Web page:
AHL All-Star wrap up, great deals for Del Zotto and Subban and The Great One opens up

AHL All Star logo 2013Ryan Hamilton of the Toronto Marlies completed a hat trick with just over 11 seconds remaining in the third period to give the Western Conference a 7-6 win over the Eastern Conference in last night’s American League All-Star Game. He was named MVP of the game, scoring each of the West’s final three goals and helping the Western Conference to their second win of the weekend after taking the Skills Competition 12-11 on Sunday night.

A few of the other top performers on the night were Mark Arcobello (Oklahoma City Barons) who assisted on all three Hamilton goals, rookies Jason Zucker (Houston Aeros) and Drew Shore (San Antonio Rampage) with a goal and an assist each and goalie Justin Peters (Charlotte Checkers) who stopped 12 of 13 shots in the third period for the Western Conference.

Chad Kolarik (Wilkes-Barre/Scranton Penguins) led the way for the Eastern Conference with two goals while defenseman Radko Gudas (Syracuse Crunch) had two assists and rookie Tyler Toffoli (Manchester Monarchs) had a goal and an assist. Curtis McElhinney (Springfield Falcons) was named top goaltender, stopping 15 of 16 shots in the second period.

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The New York Rangers didn't break the bank on Michael Del Zotto's contract. (Tim Kolupanowich/CM)

The New York Rangers didn’t break the bank on Michael Del Zotto’s contract. (Tim Kolupanowich/CM)

Damien Cox of The Toronto Star praises the New York Rangers and Montreal Canadiens for not overpaying their young defensemen, Michael Del Zotto and P.K. Subban, in their restricted free agent deals. Both blueliners were signed to two-year contracts worth $2.55 million and $2.875 million a season, respectively, even though both were looking for long-term deals, the likes of which were eliminated in the recent CBA.

Of course, Cox mentions the risk as both Del Zotto and Subban could play their way into bigger contracts into two years, perhaps even more than they were asking this time around. He mentions Taylor Hall, a player whose $6 million contract will likely be a good deal for the Edmonton Oilers a few years down the line; though collectively players would likely benefit from a gradual financial growth. From Cox:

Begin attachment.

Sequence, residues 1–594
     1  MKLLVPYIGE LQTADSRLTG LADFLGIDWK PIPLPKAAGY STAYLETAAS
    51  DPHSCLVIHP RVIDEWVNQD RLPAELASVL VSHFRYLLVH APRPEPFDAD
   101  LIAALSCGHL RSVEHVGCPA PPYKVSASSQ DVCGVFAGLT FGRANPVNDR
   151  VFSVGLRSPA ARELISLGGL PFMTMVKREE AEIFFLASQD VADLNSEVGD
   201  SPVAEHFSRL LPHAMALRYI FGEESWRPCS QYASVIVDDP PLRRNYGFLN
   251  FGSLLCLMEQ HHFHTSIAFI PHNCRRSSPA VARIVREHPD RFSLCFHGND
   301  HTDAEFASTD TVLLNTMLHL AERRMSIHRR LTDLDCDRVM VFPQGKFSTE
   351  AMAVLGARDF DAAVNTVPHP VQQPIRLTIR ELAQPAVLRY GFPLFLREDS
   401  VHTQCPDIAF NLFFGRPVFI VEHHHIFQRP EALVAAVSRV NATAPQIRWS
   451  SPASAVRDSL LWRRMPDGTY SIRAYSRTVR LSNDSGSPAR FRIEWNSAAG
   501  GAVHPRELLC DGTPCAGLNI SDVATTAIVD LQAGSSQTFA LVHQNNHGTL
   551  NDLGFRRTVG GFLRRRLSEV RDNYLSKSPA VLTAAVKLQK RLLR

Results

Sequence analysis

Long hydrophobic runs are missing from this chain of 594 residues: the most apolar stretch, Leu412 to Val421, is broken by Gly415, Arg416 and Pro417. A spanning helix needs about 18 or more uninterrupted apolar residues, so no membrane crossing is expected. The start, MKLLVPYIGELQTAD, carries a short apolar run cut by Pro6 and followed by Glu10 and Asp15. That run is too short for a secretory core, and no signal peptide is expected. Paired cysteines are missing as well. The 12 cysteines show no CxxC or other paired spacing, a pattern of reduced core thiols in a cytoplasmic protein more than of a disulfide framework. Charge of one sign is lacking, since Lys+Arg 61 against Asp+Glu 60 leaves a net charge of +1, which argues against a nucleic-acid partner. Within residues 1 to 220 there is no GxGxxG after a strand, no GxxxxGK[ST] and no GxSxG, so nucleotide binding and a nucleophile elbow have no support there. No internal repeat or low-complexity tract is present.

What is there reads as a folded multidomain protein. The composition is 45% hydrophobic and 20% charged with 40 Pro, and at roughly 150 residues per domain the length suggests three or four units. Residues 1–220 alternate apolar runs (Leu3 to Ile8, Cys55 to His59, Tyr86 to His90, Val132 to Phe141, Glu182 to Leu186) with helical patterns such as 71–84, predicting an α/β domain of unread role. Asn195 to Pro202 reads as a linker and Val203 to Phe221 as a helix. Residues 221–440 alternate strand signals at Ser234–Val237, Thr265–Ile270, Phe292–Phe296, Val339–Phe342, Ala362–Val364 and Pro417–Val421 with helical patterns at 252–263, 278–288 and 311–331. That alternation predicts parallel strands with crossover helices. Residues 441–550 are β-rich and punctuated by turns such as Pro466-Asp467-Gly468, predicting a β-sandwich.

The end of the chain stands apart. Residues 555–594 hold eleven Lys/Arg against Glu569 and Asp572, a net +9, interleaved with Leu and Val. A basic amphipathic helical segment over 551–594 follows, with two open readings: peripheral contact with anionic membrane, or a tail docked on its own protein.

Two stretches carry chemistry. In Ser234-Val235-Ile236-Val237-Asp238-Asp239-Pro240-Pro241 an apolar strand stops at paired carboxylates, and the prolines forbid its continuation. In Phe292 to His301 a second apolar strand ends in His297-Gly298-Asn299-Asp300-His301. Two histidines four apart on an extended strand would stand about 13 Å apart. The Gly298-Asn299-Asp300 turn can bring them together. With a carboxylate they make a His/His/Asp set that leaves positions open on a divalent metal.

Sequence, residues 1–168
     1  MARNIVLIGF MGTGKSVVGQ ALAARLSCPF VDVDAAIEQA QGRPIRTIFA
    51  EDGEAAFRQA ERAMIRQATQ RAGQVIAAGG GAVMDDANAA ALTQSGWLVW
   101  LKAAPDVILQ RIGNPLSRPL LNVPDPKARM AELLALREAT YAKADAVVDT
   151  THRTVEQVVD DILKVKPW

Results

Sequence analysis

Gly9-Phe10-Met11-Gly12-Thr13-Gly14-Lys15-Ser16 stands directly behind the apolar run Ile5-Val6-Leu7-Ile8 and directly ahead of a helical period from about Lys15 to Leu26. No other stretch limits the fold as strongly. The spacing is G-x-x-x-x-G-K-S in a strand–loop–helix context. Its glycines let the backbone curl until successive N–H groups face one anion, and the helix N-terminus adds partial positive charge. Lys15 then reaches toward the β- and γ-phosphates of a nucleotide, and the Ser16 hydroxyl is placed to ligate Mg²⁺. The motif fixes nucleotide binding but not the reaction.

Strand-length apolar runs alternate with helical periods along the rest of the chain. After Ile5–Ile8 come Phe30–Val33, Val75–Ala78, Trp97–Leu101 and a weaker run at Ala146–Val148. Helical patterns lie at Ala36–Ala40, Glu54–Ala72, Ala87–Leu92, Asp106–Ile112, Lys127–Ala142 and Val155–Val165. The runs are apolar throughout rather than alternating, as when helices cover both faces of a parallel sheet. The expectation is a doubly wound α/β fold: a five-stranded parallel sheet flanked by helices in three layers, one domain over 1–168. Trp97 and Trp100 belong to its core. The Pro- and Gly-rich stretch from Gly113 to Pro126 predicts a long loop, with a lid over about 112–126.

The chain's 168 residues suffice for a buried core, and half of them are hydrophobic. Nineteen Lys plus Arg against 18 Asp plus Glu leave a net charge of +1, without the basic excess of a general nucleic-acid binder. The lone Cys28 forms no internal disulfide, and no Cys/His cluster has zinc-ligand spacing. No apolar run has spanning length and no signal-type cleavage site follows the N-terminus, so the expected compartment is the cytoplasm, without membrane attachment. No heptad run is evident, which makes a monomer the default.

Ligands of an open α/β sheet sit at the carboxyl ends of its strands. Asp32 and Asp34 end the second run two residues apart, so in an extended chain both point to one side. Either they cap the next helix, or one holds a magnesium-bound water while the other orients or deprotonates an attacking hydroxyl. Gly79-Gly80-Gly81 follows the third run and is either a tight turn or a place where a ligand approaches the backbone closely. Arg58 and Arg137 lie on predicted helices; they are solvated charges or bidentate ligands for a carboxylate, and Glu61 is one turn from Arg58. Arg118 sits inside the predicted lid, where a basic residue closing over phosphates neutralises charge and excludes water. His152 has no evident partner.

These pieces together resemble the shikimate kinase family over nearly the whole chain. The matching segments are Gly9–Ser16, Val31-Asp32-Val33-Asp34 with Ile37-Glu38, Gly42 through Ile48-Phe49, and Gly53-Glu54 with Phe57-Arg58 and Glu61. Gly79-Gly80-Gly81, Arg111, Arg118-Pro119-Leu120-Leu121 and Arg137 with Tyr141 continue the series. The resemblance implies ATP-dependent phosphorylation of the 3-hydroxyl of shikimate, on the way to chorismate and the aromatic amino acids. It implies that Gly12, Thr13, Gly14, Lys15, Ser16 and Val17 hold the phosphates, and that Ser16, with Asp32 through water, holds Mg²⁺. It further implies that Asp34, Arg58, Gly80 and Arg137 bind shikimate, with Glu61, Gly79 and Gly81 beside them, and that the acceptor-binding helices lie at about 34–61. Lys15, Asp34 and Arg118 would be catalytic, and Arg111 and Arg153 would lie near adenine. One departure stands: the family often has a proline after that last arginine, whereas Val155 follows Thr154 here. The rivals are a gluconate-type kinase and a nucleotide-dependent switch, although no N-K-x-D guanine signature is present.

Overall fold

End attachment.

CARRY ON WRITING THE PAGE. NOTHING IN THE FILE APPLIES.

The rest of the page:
Defenceman Erik Johnson, the first overall pick in 2006, has developed slowly. St. Louis, at the start, preferred to limit their exposure because they were unsure of Johnson’s development. Traded to Colorado in 2011, Johnson signed a four-year deal last summer for $3.75 million per that will make him a UFA in 2016.

All in all, this seems a sensible progression from prospect to young player to established player, and Johnson has hardly had to cry poor along the way. One wonders how (Phil) Kessel, drafted four slots behind Johnson, might have benefitted with more gradual financial growth and less pressure. Ditto for (Dion) Phaneuf.

In that light, it was at least refreshing to see New York and Montreal hold the line with players who, like the others, have no real leverage and limited arbitration rights. With unrestricted free agency at 27 or even 25 in some cases, NHL clubs have less time than once was the case to control their costs with such players.

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NHL.com senior writer Dan Rosen sat down with Wayne Gretzky for his series “Five Questions With…”

The Great One, content to be just a fan for the time being, discusses which team he thinks will win the Stanley Cup this season, which players he loves to watch, his opinion on Kyle Turris and the Edmonton Oilers who once again have an abundance of great young talent.

Said Gretzky of his favorite player to watch:

My favorite player over the last 10 years has been [Henrik] Zetterberg. I think Zetterberg is the best player in the game at a 28-year-old age. He’s been so physically beat up from the Stanley Cup Playoffs, Olympics, all that goes with that, but he’s just very special. I think he’s the best Swedish player they’ve ever put into the National Hockey League, and there has been a lot of great ones, from [Borje] Salming to [Nicklas] Lidstrom.

He also talked about the Oilers and how the future success of the team relies on more than Ryan Nugent-Hopkins, Taylor Hall, Jordan Eberle and Nail Yakupov.

The key for them [the current Oilers] is not so much those kids. Those kids are going to get better and be a big part of their success, but the key to them will be the intangibles around it. Can they find the leadership and the unselfishness of guys like Lee Fogolin and Kevin Lowe. Everybody loves to score goals, but we didn’t need Craig MacTavish to score goals and he understood that. His job was going to be our third-line checking center, a faceoff guy, penalty kill, and he accepted that responsibility. Those guys become such a factor in the success of a team, and to me those are the intangibles they’re going to need to find to go to the next level.

Check out the link for more from Gretzky.

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